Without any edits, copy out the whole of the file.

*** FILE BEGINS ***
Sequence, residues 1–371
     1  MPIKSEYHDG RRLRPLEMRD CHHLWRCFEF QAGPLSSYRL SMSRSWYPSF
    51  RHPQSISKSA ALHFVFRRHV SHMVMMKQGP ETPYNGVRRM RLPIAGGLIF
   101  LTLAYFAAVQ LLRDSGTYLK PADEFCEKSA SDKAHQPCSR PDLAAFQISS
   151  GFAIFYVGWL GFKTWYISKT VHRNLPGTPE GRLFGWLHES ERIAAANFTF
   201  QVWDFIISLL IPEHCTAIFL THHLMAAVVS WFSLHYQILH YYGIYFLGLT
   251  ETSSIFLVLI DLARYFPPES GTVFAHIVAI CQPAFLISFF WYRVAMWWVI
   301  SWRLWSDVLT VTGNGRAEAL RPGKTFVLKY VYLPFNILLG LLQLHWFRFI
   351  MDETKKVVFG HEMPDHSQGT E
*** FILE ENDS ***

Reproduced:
Sequence, residues 1–371
     1  MPIKSEYHDG RRLRPLEMRD CHHLWRCFEF QAGPLSSYRL SMSRSWYPSF
    51  RHPQSISKSA ALHFVFRRHV SHMVMMKQGP ETPYNGVRRM RLPIAGGLIF
   101  LTLAYFAAVQ LLRDSGTYLK PADEFCEKSA SDKAHQPCSR PDLAAFQISS
   151  GFAIFYVGWL GFKTWYISKT VHRNLPGTPE GRLFGWLHES ERIAAANFTF
   201  QVWDFIISLL IPEHCTAIFL THHLMAAVVS WFSLHYQILH YYGIYFLGLT
   251  ETSSIFLVLI DLARYFPPES GTVFAHIVAI CQPAFLISFF WYRVAMWWVI
   301  SWRLWSDVLT VTGNGRAEAL RPGKTFVLKY VYLPFNILLG LLQLHWFRFI
   351  MDETKKVVFG HEMPDHSQGT E